Another look at colored tiles in Level Design

Design Log #2: Tiles and Layers

In Development Blog by Tremaine Williams

Hello all, and welcome to our 2nd Design Log post!

Last time we talked about how our Team prepares for the hands-on work in the GameMaker engine. It would include having everything documented, discussed and approved by all other Sub-Teams (Programming, Art and Production). On this log, we’ll be talking about tiles and layers, which are really crucial for any game development process.

Whenever a new world is setup,there are a few coding adjustments. After this is completed by the Programming team (Lim, basically), the engine will now be available for level design. Each level will have its own requirements that must be followed, such as the theme of the level. That includes topics such as aesthetics and certain mechanics that need to be used as a baseline.

The process starts as a blank canvas, which in reality is more like a blank tile sheet. The Designers will start by creating the layout of the level based on the current mechanics. After that, will add enemies and polish the level based around player-enemy interactions. Lastly, will end the process by adding decal objects to put some spice to the visuals.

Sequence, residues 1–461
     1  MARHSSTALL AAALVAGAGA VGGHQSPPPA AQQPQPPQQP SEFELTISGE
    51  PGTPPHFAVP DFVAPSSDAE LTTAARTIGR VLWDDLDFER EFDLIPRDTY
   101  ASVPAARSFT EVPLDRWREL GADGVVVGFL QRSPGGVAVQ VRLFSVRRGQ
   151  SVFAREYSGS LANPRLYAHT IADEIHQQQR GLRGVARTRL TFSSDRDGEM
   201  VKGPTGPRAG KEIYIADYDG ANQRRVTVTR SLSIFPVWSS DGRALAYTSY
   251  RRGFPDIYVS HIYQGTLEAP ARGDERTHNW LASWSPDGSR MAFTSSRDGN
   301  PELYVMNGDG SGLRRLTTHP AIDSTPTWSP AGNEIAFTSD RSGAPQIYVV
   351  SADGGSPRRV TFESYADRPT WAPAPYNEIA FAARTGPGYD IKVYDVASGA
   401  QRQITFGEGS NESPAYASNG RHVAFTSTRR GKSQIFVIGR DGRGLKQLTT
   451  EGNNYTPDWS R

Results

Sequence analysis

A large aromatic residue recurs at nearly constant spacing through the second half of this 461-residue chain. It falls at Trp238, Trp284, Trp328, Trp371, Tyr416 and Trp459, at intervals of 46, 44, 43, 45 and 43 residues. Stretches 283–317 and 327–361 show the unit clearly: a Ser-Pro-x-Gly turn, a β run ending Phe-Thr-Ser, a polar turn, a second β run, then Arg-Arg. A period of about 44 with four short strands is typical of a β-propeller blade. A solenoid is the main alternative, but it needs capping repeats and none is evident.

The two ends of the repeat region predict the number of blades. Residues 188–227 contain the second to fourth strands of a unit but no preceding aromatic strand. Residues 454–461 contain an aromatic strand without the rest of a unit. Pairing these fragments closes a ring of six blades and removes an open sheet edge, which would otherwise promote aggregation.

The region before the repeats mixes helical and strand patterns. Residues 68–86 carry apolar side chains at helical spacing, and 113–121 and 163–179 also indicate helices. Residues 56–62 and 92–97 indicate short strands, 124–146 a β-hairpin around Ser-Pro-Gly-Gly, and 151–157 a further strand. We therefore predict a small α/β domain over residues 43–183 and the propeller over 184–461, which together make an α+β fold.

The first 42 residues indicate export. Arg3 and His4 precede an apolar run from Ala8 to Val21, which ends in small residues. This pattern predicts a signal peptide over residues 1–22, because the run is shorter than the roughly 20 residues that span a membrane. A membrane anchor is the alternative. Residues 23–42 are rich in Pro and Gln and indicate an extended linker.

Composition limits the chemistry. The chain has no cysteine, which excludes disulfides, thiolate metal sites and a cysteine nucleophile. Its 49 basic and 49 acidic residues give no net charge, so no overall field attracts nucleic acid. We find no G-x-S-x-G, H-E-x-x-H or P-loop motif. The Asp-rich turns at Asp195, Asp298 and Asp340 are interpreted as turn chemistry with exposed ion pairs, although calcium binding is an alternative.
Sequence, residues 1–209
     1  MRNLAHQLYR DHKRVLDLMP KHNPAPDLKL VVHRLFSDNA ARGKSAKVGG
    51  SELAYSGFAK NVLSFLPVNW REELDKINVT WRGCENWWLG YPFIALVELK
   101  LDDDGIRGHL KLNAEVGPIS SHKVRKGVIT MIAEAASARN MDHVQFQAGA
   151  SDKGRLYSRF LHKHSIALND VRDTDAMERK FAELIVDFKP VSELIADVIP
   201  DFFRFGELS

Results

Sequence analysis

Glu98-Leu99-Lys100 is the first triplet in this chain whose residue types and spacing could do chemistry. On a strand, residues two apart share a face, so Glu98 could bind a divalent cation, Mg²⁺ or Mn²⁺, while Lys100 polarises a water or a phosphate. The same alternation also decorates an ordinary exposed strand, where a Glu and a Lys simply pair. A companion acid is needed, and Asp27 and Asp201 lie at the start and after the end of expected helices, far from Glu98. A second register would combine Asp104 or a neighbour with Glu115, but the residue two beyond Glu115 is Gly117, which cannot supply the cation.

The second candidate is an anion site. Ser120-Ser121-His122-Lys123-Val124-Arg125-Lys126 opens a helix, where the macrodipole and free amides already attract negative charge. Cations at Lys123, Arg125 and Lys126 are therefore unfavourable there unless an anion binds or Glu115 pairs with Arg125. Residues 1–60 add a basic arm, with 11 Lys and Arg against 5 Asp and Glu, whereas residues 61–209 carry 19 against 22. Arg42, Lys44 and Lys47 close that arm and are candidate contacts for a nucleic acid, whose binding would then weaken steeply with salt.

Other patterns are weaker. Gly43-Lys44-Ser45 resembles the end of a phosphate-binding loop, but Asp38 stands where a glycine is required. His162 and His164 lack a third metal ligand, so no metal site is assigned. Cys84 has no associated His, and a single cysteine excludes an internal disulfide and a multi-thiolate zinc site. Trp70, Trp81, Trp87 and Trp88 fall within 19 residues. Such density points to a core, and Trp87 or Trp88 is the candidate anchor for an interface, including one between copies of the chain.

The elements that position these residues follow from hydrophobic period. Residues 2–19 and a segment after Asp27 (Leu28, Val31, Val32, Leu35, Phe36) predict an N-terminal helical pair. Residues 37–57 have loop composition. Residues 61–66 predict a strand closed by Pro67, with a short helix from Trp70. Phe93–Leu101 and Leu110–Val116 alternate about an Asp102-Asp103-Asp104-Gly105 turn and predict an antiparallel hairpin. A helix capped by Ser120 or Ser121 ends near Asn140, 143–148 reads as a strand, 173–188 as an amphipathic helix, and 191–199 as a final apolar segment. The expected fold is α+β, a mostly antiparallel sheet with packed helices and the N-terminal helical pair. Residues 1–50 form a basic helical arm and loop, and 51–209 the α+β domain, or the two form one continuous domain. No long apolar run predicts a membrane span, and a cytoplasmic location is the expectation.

Each Designer (Tre, Youssef and Gabe) are able to work the way they prefer. The options are: doing the whole layout of the level first and then add enemies, or work on both at the same time (placing enemies as the layout is being made).

Pre-rendered in-engine image from the colored tiles on Level Design.

As you can see, each type of tile has a different color, and is placed on a different layer. When the game is rendered by the engine, these colored tiles will be replaced by the art assets that have been created by the Art team.

Colors on Level Design

The black tiles corresponds to the floors (placed on layer 0), which is also the same layer our Player Character (BiT) is placed. Anything on that layer is solid, and anything in front of that layer (negative numbers such as -5, for example) will be solid as well. The layers behind 0 (positive numbers) will be behind BiT, such as platforms, interior tiles (for aesthetics) and so on.

It’s really amazing to see how the use of layers can be used creatively to improve the quality of the game.

For our Design Log #3 we’ll talk about Enemies, including how they are created (documentation) and also some Do’s and Don’ts from placing them on the levels.

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